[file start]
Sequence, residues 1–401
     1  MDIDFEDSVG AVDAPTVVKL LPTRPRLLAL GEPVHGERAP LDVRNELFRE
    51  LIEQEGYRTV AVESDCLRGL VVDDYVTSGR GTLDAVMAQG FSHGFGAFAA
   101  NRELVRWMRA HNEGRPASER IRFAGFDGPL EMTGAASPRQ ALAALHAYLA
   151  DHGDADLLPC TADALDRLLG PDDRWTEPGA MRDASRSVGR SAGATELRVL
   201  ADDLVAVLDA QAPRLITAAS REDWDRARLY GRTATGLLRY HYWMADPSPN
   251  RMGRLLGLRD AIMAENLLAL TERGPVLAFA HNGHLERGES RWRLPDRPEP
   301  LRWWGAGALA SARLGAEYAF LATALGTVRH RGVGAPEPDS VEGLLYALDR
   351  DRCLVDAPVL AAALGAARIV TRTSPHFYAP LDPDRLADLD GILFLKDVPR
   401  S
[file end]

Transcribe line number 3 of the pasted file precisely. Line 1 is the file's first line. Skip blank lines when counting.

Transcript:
    51  LIEQEGYRTV AVESDCLRGL VVDDYVTSGR GTLDAVMAQG FSHGFGAFAA